Japan Virus Cases Falling, Even as Emergency Extension Weighed
(Bloomberg) -- Japan is weighing the need to extend the country’s state of emergency, balancing a fall in new coronavirus cases with fears that easing restrictions too soon might lead to the very explosion in infections authorities had sought to avoid.
New daily cases in Tokyo and across the country on Sunday fell to the lowest since early April, with just over 200 infections reported nationwide in the country of more than 125 million. That compares to more than triple that figure in mid-April. The majority of those cases came from Tokyo as some infection clusters in other regions appeared to come under control.
While some may be taking comfort in the drop, national broadcaster NHK reported Sunday that there is a growing view within the government that it may not be possible to fully lift the emergency as planned on May 6, citing experts saying the numbers aren’t decreasing fast enough. Multiple unidentified officials cited in a separate report by Jiji also said an extension was unavoidable.
“Any decision on extending beyond May 6 will be made after consulting with experts,” Chief Cabinet Secretary Yoshihide Suga told reporters Monday, while acknowledging the drop in new infections. “The most important thing is to prevent the expansion of the infection.” Suga reiterated the need for people to stay in and avoid travel during the forthcoming Golden Week holidays.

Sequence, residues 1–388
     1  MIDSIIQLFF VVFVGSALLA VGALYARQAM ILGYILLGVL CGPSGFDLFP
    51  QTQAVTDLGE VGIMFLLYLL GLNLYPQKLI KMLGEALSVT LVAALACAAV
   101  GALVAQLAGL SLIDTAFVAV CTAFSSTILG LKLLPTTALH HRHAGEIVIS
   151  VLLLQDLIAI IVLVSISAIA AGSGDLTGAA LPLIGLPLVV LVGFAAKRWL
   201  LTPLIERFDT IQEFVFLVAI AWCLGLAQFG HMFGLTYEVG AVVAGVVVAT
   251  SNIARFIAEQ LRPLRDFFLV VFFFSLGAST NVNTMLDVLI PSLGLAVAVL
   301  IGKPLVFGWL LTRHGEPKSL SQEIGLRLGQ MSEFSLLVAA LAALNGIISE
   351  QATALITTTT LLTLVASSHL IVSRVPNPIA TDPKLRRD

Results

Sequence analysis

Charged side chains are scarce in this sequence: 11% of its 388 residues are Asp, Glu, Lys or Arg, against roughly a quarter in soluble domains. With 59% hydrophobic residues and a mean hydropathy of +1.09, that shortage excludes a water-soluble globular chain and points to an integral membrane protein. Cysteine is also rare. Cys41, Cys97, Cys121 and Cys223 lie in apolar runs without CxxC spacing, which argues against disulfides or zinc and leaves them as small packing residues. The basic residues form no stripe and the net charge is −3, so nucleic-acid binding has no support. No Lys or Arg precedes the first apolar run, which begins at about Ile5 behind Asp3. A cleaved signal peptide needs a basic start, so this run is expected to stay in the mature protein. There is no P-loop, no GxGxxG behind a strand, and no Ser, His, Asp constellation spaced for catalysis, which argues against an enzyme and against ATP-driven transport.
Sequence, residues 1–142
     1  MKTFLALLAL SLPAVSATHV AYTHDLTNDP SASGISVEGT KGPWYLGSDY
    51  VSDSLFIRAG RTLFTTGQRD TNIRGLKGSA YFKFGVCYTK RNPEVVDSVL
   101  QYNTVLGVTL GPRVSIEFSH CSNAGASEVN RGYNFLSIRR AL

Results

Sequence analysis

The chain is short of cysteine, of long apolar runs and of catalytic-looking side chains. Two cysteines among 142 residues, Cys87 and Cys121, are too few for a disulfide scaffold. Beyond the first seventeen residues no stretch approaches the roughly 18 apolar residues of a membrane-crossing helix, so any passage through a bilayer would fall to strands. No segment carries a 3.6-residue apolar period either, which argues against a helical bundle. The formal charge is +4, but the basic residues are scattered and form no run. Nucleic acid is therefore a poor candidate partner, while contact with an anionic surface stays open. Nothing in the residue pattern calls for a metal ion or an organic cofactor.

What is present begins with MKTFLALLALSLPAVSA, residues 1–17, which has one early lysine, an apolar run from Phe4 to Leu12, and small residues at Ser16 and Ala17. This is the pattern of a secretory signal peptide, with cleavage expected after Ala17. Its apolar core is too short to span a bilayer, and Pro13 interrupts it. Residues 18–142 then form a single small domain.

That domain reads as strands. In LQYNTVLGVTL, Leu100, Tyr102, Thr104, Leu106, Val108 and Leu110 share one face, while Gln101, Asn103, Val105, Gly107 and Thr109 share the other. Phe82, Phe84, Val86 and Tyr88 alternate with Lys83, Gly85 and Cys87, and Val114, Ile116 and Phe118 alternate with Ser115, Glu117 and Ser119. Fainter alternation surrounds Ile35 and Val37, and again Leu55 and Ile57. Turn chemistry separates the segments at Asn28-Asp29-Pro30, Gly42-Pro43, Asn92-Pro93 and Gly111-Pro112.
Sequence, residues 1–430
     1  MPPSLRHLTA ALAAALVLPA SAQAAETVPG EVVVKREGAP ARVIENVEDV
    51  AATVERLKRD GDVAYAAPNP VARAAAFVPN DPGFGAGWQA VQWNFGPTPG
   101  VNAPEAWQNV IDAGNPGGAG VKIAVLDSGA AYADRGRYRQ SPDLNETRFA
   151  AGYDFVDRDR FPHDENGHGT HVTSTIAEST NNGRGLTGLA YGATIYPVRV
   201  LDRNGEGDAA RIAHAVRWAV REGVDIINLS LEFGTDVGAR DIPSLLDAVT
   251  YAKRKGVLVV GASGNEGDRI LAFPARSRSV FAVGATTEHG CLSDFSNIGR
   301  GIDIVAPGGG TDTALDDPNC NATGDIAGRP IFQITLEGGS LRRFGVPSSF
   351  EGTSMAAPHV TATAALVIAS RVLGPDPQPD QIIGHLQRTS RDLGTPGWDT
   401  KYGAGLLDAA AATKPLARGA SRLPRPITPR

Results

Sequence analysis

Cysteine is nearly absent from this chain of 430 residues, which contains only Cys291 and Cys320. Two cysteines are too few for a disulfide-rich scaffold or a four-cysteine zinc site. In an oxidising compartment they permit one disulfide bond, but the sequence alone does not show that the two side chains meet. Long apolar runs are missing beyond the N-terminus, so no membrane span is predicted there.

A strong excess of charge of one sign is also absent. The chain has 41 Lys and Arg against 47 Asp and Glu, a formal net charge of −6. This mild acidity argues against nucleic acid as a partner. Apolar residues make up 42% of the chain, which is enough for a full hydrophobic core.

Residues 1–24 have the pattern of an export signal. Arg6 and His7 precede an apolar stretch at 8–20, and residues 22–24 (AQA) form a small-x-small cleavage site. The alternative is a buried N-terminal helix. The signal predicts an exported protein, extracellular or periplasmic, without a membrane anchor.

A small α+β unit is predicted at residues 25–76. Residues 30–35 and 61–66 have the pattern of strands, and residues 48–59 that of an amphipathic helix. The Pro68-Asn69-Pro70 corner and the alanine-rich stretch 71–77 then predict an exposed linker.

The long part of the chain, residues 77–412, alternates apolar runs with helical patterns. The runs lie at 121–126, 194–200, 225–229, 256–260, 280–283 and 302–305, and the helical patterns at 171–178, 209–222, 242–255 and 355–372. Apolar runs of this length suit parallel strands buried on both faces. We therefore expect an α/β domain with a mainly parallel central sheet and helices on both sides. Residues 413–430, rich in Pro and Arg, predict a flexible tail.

On Monday, Tokyo was reported to have only 39 cases, the lowest figure since March, although case numbers on Mondays have tended to be lower than other days. The numbers give some support for Japan’s light-handed lockdown, which has relied on people voluntarily staying at home and closing their businesses. It’s also hard to take the figures at face value, as testing capacity remains far off other nations, with between 5,000 and 7,000 tests being carried out on most days.
One official in the Jiji report was cited as saying one more week of the state of emergency was the most that people could endure, while another saw the need to maintain the emergency until the end of May. Japanese Prime Minister Shinzo Abe first imposed the measure on seven regions on April 8 and later extended it to include the whole country.
Japan has avoided the type of full lockdown used in many Western countries, with some businesses including bars and hairdressers, remaining open, and authorities lacking the legal powers to punish those who disobey requests to stay at home. Officials have called for people to cut interactions with others by 80%, with Tokyo branding the next two weeks, which include a period of national holidays, as “Stay at Home Weeks,” urging families to stay in their residences.
While some expect Abe to make a decision on an extension by April 30, the Jiji report said, another official saw that as too early, citing the need to see how people would travel during the Golden Week holidays.
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